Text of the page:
Sophie's introduction into the magic that is the horror genre was watching Halloween at a party in high school, and since then she's never looked back. She may be the wimpiest horror fan you have ever met, but she won't ever let that stop her!
When you review horror movies for a reputable site such as Bloody Good Horror, sometimes you get the opportunity to watch and review screeners. Usually smaller budget indie movies, these titles exist on a spectrum; some are hidden gems, while others are...not. A vast majority fall somewhere in between the two extremes. But every once in awhile, you get very unlucky. You get a movie that is so far from a shiny gem that it more closely resembles the kind of filth you find when you snake your shower drain. We Are the Flesh is one such film.
Regarded by many as one of the first slasher movies, 1974’s Black Christmas gave us a whole host of tropes (both stylistic and narrative) that have become common in the parlance of the genre; from the shots that force us to watch through the eyes of the killer, to the classic line about the call coming from inside the house. And while it doesn’t always make the list of larger than life slasher classics, fans of the macabre and of spooky film no doubt have a special place for it in their hearts.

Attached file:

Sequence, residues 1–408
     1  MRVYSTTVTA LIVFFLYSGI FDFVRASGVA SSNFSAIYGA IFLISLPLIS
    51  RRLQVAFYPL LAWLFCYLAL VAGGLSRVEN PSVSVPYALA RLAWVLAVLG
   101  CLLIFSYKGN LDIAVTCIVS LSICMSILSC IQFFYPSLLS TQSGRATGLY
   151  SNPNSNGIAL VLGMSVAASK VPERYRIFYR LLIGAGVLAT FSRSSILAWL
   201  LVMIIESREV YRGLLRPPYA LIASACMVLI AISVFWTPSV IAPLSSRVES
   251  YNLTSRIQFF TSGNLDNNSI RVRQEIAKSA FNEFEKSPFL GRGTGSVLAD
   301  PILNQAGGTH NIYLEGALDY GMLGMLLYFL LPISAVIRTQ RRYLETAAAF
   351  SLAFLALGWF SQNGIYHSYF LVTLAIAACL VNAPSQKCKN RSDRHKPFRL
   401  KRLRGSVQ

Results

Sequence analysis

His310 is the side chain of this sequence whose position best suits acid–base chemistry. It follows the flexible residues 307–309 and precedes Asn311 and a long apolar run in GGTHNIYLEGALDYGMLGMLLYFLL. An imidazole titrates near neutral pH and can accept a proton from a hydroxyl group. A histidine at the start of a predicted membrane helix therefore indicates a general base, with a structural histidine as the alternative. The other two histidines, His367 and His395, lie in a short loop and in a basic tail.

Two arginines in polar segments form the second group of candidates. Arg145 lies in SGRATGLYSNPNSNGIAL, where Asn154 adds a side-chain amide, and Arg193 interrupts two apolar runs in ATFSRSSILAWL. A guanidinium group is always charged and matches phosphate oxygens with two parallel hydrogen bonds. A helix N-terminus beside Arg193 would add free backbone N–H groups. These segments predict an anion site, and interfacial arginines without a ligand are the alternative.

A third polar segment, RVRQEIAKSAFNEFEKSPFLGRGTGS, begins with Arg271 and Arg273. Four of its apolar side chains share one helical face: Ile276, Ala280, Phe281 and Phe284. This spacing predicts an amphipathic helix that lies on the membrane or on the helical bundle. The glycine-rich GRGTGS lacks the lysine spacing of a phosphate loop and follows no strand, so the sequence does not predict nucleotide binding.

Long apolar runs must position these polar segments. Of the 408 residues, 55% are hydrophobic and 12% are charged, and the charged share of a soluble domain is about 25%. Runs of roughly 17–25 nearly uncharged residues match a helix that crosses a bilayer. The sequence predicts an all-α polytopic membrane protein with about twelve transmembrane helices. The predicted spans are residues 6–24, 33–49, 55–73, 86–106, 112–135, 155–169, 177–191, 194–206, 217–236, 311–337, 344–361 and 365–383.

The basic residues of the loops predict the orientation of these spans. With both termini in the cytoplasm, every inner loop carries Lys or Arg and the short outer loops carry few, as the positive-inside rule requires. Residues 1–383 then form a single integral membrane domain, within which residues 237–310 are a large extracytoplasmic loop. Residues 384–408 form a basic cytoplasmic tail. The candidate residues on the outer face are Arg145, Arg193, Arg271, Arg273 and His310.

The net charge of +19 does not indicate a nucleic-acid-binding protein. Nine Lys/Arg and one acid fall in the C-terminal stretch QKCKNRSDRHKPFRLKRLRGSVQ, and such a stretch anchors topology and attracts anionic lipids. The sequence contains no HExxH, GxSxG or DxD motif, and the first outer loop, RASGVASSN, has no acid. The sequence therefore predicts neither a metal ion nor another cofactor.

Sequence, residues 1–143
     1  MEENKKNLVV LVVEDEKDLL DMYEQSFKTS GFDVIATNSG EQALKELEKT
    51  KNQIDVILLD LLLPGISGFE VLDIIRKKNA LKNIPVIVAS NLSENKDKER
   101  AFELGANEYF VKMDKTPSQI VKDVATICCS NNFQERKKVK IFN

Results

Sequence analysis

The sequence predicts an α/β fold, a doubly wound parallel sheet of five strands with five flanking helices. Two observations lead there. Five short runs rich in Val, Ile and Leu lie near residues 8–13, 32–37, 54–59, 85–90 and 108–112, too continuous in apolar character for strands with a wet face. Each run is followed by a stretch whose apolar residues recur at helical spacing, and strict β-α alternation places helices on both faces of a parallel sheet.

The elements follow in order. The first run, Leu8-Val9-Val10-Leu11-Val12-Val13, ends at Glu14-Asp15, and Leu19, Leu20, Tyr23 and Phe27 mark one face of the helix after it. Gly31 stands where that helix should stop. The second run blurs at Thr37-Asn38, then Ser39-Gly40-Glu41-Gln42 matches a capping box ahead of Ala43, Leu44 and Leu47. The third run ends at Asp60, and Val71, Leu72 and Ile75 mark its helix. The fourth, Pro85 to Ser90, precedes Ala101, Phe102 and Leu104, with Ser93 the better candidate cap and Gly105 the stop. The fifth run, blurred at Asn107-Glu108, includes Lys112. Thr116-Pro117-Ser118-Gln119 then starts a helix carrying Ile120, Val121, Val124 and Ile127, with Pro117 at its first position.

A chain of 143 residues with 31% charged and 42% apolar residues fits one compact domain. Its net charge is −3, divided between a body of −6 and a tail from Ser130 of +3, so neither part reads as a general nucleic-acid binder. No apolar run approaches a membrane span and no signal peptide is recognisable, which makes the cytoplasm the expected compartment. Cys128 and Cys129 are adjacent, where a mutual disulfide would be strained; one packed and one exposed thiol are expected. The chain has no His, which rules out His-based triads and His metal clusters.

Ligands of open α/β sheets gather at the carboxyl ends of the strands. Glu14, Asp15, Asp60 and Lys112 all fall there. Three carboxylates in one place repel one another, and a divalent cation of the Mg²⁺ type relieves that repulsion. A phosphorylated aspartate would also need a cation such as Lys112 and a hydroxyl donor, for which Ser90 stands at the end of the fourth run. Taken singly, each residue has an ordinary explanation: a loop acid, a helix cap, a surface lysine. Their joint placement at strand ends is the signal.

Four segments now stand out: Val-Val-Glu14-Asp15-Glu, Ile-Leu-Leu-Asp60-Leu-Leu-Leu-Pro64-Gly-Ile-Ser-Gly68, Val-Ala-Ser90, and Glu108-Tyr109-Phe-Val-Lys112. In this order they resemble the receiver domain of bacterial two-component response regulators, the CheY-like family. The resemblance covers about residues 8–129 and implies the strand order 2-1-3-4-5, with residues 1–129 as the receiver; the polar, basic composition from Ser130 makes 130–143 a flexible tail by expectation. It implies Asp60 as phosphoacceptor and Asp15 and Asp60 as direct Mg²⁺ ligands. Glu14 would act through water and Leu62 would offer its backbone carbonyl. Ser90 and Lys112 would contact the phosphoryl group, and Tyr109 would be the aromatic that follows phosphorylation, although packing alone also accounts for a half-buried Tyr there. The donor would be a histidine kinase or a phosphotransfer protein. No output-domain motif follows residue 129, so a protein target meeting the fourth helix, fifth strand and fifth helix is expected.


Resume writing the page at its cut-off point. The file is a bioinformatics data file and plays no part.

Every year the BGH crew selects their picks for best and worst horror films of that year. Stay tuned toward the end of the year for our infallible consensus for the best and worst of the year, compiled by our very own genre mega-scholar Jonathan Schnaars.
We’ve reached the penultimate episode, y’all. You know what they say, two seasons forward and twenty-five years back. The loss of Pablo has left our heroes pretty well wrecked, and the only option seems to be to return to where, and when, it all began.
What can be written about one of the greatest horror films (if not one of the best films more broadly) of all time? What can be added to the conversation that hasn’t already been said? Quite possibly nothing, and so that is not what this reviewer will seek to do.
There comes a time in every hero’s journey when that hero needs saving themselves. That time has come for Ash who, last we saw him, was trapped inside a dilapidated asylum, with Baal playing dress up as his Doctor (Dr. Peacock, I’ll have you know), and no friends around him.
In a series (based on a film franchise) where being weird is nothing new, “Delusion” comes out swinging and certainly sets a new record (at least for the television show - scholars will no doubt argue for years to come whether a delusion of insanity tops being transported to the middle